New method classifies FECD severity: Tomographic evaluation of corneas for subclinical edema

April 13, 2019

A study by Sanjay V. Patel, M.D., Ophthalmology chair, and fellow researchers at Mayo Clinic's campus in Rochester, Minnesota, supports a new method of classifying Fuchs' endothelial corneal dystrophy (FECD) severity that is independent of central corneal thickness and employs Scheimpflug tomography for preoperative assessment of corneas for the presence of subclinical edema.

The severity of FECD is currently assessed based on the distribution of guttae and the presence of edema using a method documented by Jay H. Krachmer, M.D., and others in The Archives of Ophthalmology in 1978. Modified versions of this morphological and subjective method of assessment have also been described.

"Although current grading scales incorporate the presence of edema as indicative of worse disease severity, the scales are confusing," says Dr. Patel. "Krachmer grading suggests that corneal edema can only be present with extensive guttae, whereas modified versions suggest that clinically apparent edema can be present with lower grades of guttae and that these eyes should be described as the lower grade, with edema noted separately. In reality, the onset of edema is gradual and early edema is not easily detected by using slit-lamp examination. Corneal edema warrants a classification that reflects this subtlety." The study by Dr. Patel and others was published in Ophthalmology in 2019.

In the cross-sectional study (with follow-up of outcomes) of 93 eyes from 57 patients with a range of severity of FECD and 74 eyes from 40 patients with normal corneas, the Mayo researchers clinically assessed corneas for FECD and corneal edema via slit-lamp biomicroscopy. They categorized the eyes as:

  • Having clinically definite edema (obvious visible edema)
  • Being suspicious for subclinical edema (possible corneal thickening without obvious edema on slit-lamp examination)
  • Not having edema (no clinical suspicion of edema)

Tomographic pachymetry and posterior elevation maps derived from Scheimpflug images were evaluated for specific features believed to be consistent with corneal edema. FECD clinical disease course and outcomes were reviewed from the time of Scheimpflug image acquisition to the last available follow-up. Specific information collected included:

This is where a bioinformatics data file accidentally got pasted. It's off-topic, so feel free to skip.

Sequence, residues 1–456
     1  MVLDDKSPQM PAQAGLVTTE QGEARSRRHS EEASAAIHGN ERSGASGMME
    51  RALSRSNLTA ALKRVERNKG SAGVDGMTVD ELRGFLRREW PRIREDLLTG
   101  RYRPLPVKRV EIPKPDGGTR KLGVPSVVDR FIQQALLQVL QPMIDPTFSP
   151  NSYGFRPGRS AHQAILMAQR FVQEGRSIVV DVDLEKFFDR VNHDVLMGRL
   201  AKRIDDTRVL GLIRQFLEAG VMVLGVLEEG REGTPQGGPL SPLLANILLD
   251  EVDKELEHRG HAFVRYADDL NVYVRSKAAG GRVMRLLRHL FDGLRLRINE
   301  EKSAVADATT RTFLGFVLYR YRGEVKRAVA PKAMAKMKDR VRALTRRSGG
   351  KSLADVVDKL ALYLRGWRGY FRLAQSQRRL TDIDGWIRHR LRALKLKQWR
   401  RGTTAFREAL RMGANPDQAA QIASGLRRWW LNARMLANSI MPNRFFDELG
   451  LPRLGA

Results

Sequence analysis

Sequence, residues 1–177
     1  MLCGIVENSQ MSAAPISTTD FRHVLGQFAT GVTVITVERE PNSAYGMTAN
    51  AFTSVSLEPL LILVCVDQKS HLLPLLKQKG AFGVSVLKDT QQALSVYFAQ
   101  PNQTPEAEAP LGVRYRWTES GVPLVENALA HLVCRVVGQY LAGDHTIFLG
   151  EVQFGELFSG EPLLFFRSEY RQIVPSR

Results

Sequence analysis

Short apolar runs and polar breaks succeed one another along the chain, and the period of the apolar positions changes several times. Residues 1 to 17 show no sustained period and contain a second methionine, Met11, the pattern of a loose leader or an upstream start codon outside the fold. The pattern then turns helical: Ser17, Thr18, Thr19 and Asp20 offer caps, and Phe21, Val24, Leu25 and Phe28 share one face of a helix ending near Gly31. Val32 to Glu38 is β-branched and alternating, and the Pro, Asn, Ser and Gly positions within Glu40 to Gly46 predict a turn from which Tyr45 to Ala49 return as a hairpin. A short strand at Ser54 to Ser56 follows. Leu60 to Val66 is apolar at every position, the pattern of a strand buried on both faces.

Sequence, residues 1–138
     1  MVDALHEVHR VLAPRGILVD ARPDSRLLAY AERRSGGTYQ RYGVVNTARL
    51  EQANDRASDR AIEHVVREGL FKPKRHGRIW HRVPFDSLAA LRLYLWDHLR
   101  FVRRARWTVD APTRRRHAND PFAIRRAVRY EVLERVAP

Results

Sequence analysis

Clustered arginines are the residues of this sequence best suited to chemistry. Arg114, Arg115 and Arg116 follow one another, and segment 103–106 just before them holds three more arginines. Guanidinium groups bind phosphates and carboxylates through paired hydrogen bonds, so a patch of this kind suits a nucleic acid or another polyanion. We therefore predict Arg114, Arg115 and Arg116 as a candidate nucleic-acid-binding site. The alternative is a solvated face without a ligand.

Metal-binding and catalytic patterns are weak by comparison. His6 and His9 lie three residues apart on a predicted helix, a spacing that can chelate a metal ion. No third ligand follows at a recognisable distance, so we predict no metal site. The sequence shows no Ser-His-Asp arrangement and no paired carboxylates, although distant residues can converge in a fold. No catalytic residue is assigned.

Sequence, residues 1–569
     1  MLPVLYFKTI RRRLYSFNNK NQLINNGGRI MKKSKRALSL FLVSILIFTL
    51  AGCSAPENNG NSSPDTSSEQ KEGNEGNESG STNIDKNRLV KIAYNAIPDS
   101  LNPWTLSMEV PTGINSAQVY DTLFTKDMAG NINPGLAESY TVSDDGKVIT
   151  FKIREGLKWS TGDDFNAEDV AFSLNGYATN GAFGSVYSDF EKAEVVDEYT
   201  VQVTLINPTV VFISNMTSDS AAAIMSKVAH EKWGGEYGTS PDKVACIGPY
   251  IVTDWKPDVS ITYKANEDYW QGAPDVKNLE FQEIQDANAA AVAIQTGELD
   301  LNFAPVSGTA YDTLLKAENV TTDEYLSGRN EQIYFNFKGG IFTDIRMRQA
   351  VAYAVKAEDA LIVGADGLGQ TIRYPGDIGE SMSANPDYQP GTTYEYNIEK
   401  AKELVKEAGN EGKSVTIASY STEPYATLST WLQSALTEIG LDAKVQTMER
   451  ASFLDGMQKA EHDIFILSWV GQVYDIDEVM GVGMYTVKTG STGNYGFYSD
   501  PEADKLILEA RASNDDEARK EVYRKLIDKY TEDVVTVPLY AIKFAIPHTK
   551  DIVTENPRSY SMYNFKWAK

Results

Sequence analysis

• Clinical management recommendation at the consultation when Scheimpflug imaging was performed
  • Clinical outcomes if endothelial keratoplasty was performed
  • Clinical progression of FECD if endothelial keratoplasty was not performed

Clinical progression was defined as a subsequent decision to proceed to endothelial keratoplasty based on an increase in central corneal thickness or the presence of visible edema associated with subjective impairment of vision by the patient.

Changes in central corneal thickness throughout the clinical course were measured by using ultrasonic pachymetry, and subsequent Scheimpflug imaging and measurements were reviewed if available.

"We initially proposed a fourth feature of corneal edema on tomography, defined as focal elevation of the anterior corneal surface corresponding to the same location as focal posterior depression," says Dr. Patel. "We found only three eyes that had focal anterior elevation, and all three had clinically definite edema by slit-lamp examination. Because our interests lie in detecting subclinical edema, we elected not to include this fourth feature in our analysis."

3 main outcome measures

"In this study, careful evaluation of tomographic pachymetry and posterior corneal elevation maps successfully identified corneas with subclinical edema because subtle corneal thickening manifested as loss of the normal parallel isopachs, displacement of the thinnest point of the cornea and posterior corneal surface depression," says Dr. Patel. "Clinical outcomes included the changes in central corneal thickness and vision after endothelial keratoplasty."

The three specific tomographic features were all present in all FECD corneas with clinically definite edema, in 81 percent or more of FECD corneas suspicious for subclinical edema, and in 5 percent or less of normal corneas. The tomographic features of edema were present in 42 percent or less of FECD corneas deemed not to have edema clinically, suggesting that tomographic analysis might be more sensitive than clinical suspicion.

Of corneas suspicious for subclinical edema that subsequently underwent endothelial keratoplasty, all had at least two of the tomographic features present before endothelial keratoplasty. Improvements in vision, central corneal thickness and tomographic features after endothelial keratoplasty confirmed the presence of subclinical edema preoperatively.

"We recommend classifying FECD corneas as having clinically definite edema, subclinical edema or no edema, independent of central corneal thickness," says Dr. Patel. "Tomography should be performed only when clinically definite edema is not visible and when assessing patients with visual complaints or prior to surgery in the setting of FECD."

For more information

Krachmer JH, et al. Corneal endothelial dystrophy: A study of 64 families. The Archives of Ophthalmology. 1978;96:2036.

Sun SY, et al. Determining subclinical edema in Fuchs endothelial corneal dystrophy: Revised classification using Scheimpflug tomography for preoperative assessment. Ophthalmology. 2019;126:195.